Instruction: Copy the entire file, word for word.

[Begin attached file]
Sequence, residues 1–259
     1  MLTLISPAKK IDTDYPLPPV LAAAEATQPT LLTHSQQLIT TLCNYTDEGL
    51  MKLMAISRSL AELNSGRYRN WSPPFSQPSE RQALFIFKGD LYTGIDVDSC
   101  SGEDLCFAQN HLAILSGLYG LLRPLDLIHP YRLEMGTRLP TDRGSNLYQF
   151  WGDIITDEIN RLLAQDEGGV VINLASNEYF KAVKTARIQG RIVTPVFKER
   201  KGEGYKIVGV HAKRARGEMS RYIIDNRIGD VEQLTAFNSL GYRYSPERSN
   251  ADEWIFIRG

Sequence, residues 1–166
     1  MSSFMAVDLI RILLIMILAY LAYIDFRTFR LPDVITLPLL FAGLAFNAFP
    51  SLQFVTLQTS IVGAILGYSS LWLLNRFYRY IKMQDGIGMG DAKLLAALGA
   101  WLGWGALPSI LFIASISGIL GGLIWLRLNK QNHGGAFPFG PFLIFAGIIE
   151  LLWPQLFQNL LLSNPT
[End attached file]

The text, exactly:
Sequence, residues 1–259
     1  MLTLISPAKK IDTDYPLPPV LAAAEATQPT LLTHSQQLIT TLCNYTDEGL
    51  MKLMAISRSL AELNSGRYRN WSPPFSQPSE RQALFIFKGD LYTGIDVDSC
   101  SGEDLCFAQN HLAILSGLYG LLRPLDLIHP YRLEMGTRLP TDRGSNLYQF
   151  WGDIITDEIN RLLAQDEGGV VINLASNEYF KAVKTARIQG RIVTPVFKER
   201  KGEGYKIVGV HAKRARGEMS RYIIDNRIGD VEQLTAFNSL GYRYSPERSN
   251  ADEWIFIRG

Sequence, residues 1–166
     1  MSSFMAVDLI RILLIMILAY LAYIDFRTFR LPDVITLPLL FAGLAFNAFP
    51  SLQFVTLQTS IVGAILGYSS LWLLNRFYRY IKMQDGIGMG DAKLLAALGA
   101  WLGWGALPSI LFIASISGIL GGLIWLRLNK QNHGGAFPFG PFLIFAGIIE
   151  LLWPQLFQNL LLSNPT